In 2020 and 2021, many farmers struggled to find processing plants that could process their beef. Many were shut down temporarily, working partial shifts, or extremely short-handed due to Covid-19 regulations.
As you consider whether or not you raise your own beef cow, make sure that you can secure the services of a local butcher and don’t wait to get placed on their waiting list. This will make butchering your cow a lot less stressful for you!
Time to Raise a Cow?
While considering whether or now you want to raise your own cow, consider how much time and space you have. There are many options that fit every lifestyle. A fully, hand-on approach would mean that you raise your cow.
You provide the housing, fields, hay, and any care the cow needs. This will take more time because you are fully involved. But, it is ideal for those who love being involved and love the rewards of raising and caring for an animal.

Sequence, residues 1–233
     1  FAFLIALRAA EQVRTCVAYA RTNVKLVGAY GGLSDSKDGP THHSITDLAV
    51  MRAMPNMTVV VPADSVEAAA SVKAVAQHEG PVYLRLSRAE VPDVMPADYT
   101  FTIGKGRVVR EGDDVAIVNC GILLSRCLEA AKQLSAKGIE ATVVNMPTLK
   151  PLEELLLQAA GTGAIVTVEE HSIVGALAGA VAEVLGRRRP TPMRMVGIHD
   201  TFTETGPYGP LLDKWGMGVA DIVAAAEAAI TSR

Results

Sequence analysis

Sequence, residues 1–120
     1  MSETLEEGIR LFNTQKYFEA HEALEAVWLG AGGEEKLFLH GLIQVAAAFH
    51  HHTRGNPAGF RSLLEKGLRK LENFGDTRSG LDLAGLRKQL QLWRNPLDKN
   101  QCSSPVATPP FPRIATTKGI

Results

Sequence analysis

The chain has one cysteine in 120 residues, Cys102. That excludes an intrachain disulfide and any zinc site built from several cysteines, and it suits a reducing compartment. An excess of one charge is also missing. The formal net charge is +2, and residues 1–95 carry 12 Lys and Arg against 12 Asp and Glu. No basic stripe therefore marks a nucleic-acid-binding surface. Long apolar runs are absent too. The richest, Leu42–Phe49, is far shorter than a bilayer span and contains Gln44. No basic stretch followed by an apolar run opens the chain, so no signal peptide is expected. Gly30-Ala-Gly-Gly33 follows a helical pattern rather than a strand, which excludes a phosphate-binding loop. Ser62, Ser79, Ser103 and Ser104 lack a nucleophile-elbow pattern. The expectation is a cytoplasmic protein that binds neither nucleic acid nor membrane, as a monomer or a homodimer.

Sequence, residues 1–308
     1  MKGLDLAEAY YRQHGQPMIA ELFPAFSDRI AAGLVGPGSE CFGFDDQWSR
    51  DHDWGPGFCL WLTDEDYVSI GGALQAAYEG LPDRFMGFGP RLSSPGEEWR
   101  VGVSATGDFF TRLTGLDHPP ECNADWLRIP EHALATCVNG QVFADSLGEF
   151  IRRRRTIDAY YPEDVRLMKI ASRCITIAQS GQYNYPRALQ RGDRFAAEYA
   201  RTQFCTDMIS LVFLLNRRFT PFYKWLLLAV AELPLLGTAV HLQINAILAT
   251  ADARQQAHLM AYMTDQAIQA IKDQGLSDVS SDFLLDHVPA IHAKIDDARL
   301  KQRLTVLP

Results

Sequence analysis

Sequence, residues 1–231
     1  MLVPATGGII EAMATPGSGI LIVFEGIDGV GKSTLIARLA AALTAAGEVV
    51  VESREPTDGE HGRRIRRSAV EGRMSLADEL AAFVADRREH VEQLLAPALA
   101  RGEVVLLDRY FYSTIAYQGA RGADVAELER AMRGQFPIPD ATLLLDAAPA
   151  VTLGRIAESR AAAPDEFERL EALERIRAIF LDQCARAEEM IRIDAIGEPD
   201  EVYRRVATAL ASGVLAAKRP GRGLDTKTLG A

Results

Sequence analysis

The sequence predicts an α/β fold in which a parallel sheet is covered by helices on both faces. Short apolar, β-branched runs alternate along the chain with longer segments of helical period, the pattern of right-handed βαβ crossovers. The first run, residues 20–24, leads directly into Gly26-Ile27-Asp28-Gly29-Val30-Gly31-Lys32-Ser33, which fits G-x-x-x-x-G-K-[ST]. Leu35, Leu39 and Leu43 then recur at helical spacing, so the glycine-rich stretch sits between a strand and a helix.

Raising your own beef cow, especially if you already have the land to support grazing, can be less costly option than purchasing a finished cow from a local farmer. If you have the land, you can save on much of the feed costs. But, you will still have other costs such as vaccines and potential vet bills.
Purchasing a Cow Locally
Or, you can purchase a cow from a local farmer. In most states, a cow must be purchased prior to butchering. The cow is then taken to the butcher and you receive the whole or half cow that you purchased.
It’s a slight nuance, but most states don’t allow farmers to butcher their cattle and then sell the butchered meat.
Purchasing or raising a cow is different than purchasing from the store. You don’t get to choose specifically the quantity and types of beef you purchase. Instead, you get a certain amount of all types of beef. It usually means you pay more for ground beef, but quite a lot less for premium steak cuts.